This website is brilliant, we are going to Beaulieu Sur Dordogne next June for 12 nights camping and taking our Bichon with us. I particularly noted the advice about the collars, never thought of animals being bitten by mossies!! It is horrible for humans, so much, much worse for a dog! Thank you so much.

  6. kate says:

    thank you for a great blog and thank you here to Raquel – just for two minutes I was worrying there about processionary caterpillars! I am leaving in mid December to drive down through France with my two dogs – oh no, maybe they will eat caterpillars although it’s winter – ahhhhh – oh no they won’t!!!!! thanks Raquel.

  7. Peter says:

    We are takeing our German Shepard to portugal for 7 months and we are worried about Mozie bites for him any advice please.

  8. peggy harris says:

    hi, we’re taking our 4 yr old bichon to france in june & wondered if dog collars were essential? we always use a harness in the uk, it’ll have his name disc & chip plaque on

    • Martin says:

      I would just be safe and put a collar on him with the ID tag – what if he just happened to go off on an adventure while not wearing the harness? Why take the risk I guess is what I’m saying!

  9. Annie says:

    Hi thanks so much for this brilliant website – my partner and I are planning a 10 day trip to France with Charlie Farlie our gorgeous Springer Spaniel and this website has given me loads of information and advise. One thing is worrying my partner he has heard that some dogs react very badly to the rabies shot – has anyone known of such a thing?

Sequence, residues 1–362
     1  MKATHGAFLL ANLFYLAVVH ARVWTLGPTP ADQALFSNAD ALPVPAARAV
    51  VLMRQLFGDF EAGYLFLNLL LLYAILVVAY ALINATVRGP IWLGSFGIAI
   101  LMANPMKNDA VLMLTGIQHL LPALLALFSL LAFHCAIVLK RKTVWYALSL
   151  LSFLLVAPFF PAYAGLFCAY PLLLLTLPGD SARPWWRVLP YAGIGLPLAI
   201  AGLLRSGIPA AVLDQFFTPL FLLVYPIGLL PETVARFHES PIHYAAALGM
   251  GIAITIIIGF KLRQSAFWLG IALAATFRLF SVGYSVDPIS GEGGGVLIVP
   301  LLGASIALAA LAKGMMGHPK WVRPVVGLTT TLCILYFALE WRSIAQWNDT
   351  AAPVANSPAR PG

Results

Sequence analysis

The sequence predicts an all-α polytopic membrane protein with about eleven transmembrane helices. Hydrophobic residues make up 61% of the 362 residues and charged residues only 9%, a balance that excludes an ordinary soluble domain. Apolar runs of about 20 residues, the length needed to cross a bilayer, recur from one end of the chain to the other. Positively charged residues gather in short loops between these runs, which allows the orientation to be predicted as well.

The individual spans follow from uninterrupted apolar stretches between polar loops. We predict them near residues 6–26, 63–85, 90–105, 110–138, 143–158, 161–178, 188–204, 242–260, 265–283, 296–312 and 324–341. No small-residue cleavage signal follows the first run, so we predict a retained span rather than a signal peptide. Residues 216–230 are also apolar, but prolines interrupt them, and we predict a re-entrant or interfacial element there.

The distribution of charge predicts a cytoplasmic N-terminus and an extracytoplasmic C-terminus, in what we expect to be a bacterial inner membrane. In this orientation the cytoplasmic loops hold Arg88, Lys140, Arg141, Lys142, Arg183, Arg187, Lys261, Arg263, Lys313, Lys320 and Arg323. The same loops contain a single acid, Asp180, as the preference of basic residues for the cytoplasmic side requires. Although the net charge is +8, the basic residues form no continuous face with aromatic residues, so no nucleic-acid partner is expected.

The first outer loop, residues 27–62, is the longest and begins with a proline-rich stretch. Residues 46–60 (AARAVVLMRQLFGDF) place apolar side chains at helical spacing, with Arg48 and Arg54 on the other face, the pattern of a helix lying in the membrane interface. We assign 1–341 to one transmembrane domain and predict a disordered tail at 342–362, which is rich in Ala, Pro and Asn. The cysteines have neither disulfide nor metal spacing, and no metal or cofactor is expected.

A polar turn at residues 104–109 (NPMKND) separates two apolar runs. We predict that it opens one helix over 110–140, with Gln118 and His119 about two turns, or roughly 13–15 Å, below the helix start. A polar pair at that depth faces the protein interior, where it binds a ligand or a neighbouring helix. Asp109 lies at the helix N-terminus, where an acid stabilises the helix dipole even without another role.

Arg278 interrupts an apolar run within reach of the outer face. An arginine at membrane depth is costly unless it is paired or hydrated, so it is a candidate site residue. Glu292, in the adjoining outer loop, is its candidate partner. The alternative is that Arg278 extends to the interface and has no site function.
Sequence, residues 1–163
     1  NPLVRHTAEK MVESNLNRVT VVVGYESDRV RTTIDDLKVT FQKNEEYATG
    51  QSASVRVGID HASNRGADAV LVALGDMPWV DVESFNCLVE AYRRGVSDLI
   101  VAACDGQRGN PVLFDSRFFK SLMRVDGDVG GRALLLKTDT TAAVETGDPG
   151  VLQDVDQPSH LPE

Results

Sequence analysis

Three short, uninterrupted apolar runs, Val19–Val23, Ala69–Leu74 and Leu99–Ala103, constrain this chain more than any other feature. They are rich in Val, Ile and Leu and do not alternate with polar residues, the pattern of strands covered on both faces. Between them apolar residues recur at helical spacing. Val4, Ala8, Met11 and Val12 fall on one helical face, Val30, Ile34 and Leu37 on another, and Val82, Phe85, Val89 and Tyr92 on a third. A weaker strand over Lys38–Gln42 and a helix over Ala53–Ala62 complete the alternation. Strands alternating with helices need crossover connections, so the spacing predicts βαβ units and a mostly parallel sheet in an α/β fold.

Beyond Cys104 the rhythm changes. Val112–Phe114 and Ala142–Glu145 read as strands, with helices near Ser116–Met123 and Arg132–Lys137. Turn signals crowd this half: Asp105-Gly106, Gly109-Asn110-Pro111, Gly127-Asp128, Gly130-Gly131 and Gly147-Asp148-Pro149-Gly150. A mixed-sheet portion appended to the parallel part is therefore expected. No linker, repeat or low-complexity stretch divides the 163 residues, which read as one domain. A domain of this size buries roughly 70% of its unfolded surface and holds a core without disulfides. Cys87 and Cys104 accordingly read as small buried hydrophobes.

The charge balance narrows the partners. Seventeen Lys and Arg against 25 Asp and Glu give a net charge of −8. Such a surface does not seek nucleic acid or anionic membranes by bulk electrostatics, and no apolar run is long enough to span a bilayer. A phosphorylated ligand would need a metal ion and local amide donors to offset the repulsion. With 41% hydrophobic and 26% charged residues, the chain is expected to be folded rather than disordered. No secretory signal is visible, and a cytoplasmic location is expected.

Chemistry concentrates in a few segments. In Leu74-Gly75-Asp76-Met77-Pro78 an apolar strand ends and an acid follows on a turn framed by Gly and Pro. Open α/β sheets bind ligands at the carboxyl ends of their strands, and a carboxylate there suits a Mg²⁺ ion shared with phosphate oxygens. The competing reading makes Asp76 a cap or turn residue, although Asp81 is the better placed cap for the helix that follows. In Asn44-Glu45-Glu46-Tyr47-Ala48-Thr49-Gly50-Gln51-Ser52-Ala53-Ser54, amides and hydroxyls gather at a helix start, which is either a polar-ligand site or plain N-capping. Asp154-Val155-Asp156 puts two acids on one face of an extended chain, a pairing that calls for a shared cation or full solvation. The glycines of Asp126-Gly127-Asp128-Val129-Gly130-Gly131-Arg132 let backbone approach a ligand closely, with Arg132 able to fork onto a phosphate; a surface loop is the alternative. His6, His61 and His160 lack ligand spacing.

• Martin says:

      Our dogs have all had several rabies jabs now with no reactions. Remember that every domestic dog in western european countries will have a rabies jab every year so if dreadful reactions were commomplace then we’d know about it.

  10. Claire Gosling says:

    Just wanted to say what an absolutey wonderful blog, thankyou so much. So glad I stumbled across it, am hoping to take our westies to France next year and this has been an absolutely fantastic source of information. Sure I will be referring back to it time and time again.

  11. Lynda Plant-Wells says:

    Excellent website. I have been going to France for the past 10 years but not with a dog until this year. I was worried about certain issues with my Cavalier, who will be 9 months old (the heat for a start) during my forthcoming camping/ B&B/visiting friends trip in June/July and any other unforeseen situations.

  12. Shirley okeeffe says:

    We are hoping to travel to france with our dog and taking our car. We live In northern Ireland. We want a short crossing to the UK, then we will use the eurotunnel. For the ferry crossing to the UK, is there a ferry I can stay with my dog? Love the site

  13. Rex says:

    If you travel with your dog/dogs in the rearmost compartment(luggage space) of you vehicle be careful when travelling in sunny weather especially if you have the rear seat piled high with luggage etc. The rear compartment can get really hot EVEN if you have air conditioning. We knew of a dog that had to be put down after suffering heat exhaustion on a five hour journey. This is even more important in hot countries and don’t assume opening a window a bit solves the problem. We always travel with our dogs in the rear seat compartment when doing a journey and that way the air con does benefit them and also you can see how they are coping.